Posts Tagged ‘CDT’

As the new Mk3’s and Air Wolf’s arrive, the new concept of what Daystate refers to as ” Lean Charge” is leaving some in the dark about what exactly is so great about the new electronic firing system which Daystate has developed for their Electronic Series of airguns. The following is a brief explanation from David Snook, one of the instrumental minds behind the CDT system found inside the Daystate rifles:

“The original CDT units used a 7ms pulse where the voltage was adjusted to vary the power. This results in the valve being opened in a similar manner to a hammer and weight, where the valve is opened by the potential energy contained in the moving armature. I call this a “ballistic” valve.

Lean charge uses a different concept, it uses the maximum voltage level (approximately 70V) and adjusts the energy using the applied current pulse length, this can be between 1200us to 5800us depending on power level and solenoid design. This uses a combination of ballistic and magnetic valve opening and timing. The potential “ballistic” energy of the armature “knocks” open the valve and then the magnetic field sustained by the current pulse length determines how long it is kept open for. This has the following advantages:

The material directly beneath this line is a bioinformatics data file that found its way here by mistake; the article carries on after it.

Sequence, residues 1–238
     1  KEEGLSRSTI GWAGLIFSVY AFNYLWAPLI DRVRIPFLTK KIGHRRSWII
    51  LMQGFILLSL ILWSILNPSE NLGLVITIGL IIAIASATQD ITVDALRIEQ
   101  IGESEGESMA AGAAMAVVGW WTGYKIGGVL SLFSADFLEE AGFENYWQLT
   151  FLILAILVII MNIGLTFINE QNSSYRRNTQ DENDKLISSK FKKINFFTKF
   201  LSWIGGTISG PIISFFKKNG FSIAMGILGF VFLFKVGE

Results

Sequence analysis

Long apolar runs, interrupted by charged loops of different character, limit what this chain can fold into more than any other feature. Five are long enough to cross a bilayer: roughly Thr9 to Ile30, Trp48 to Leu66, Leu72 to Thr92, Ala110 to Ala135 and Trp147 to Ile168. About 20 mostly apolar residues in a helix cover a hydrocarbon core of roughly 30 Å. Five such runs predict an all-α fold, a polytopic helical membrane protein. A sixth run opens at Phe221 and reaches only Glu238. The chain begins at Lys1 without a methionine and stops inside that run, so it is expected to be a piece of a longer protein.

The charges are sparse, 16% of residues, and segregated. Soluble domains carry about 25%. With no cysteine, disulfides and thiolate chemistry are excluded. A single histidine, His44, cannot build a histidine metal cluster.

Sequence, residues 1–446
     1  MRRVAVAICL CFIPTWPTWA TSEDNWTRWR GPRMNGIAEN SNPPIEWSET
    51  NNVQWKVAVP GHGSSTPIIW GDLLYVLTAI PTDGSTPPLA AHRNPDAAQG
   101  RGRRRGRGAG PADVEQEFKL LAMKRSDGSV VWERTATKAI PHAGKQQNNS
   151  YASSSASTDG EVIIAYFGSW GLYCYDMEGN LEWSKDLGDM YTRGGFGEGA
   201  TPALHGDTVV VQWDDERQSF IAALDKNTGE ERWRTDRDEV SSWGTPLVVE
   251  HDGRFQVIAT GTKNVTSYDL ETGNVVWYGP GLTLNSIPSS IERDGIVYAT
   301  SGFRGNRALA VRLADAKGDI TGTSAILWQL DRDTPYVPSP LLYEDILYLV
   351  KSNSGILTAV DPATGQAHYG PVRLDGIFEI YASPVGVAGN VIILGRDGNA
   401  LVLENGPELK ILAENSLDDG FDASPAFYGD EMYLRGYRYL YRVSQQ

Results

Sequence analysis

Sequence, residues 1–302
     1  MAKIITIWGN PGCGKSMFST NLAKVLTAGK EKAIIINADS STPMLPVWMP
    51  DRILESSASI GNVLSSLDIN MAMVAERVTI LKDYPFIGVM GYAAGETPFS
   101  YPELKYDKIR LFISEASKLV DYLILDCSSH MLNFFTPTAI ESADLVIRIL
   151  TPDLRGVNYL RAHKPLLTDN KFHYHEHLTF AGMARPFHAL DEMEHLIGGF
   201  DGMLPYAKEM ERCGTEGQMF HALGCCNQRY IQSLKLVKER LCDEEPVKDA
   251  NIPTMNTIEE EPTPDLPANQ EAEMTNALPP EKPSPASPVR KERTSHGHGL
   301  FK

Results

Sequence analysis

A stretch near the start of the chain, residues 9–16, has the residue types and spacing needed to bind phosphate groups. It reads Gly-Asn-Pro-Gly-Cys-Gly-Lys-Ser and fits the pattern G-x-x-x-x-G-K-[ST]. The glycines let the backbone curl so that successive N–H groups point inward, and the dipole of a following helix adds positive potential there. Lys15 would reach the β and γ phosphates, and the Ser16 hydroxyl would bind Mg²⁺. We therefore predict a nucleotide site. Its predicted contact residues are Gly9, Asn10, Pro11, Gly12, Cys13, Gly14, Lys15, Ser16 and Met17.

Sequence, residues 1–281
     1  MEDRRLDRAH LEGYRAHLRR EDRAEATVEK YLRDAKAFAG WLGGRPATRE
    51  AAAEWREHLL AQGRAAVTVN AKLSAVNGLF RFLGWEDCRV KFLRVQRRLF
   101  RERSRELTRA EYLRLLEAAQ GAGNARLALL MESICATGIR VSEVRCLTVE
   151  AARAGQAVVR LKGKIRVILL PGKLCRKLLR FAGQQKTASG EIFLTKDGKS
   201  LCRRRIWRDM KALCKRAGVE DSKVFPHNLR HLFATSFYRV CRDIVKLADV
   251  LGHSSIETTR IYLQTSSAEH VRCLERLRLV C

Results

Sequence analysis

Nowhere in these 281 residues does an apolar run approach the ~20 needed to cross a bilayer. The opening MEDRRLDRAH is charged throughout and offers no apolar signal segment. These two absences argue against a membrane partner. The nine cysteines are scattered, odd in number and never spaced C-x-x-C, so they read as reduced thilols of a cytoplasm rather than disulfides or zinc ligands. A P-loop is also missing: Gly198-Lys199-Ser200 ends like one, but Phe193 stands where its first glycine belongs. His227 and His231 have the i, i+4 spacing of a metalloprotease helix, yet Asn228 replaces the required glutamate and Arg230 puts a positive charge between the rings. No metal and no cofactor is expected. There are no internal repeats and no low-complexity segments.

1. The initial acceleration of the armature is greater due to more current being applied to the solenoid.

2. In turn the valve opens faster giving a steeper barrel pressure rise time.

3. The solenoid is then switched off allowing the valve to close rapidly under the air pressure behind it, rather than waiting for a ballistic hammer to decelerate and then close. This action allows the natural self-regulating properties of the valve to be more effective and gives a sharp pressure fall time saving air use.

4. The valve is opened and closed when the pellet is still in the barrel, this is difficult to achieve with a totally ballistic valve operation.

5. Muzzle energy can be tightly controlled using this technique.

The overall benefits are very fast lock times (typically less than 7ms), excellent air economy with attendant large shot capacity and reduced muzzle blast giving a very much quieter gun. The most surprising benefit is accuracy, where reduced blast lessens destabilisation effects on the exiting pellet.

Shooting a high powered lean charge gun is a culture shock, even with a very modest silencer it is a fast, quiet and very accurate gun.”